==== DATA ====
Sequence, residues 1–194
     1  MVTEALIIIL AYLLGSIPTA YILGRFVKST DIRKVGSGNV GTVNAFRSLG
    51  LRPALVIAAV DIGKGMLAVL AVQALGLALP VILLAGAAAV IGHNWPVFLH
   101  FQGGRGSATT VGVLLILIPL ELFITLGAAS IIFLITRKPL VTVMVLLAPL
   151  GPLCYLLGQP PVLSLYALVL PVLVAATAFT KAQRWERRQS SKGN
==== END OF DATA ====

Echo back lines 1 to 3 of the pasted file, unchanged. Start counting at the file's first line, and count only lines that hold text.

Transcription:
Sequence, residues 1–194
     1  MVTEALIIIL AYLLGSIPTA YILGRFVKST DIRKVGSGNV GTVNAFRSLG
    51  LRPALVIAAV DIGKGMLAVL AVQALGLALP VILLAGAAAV IGHNWPVFLH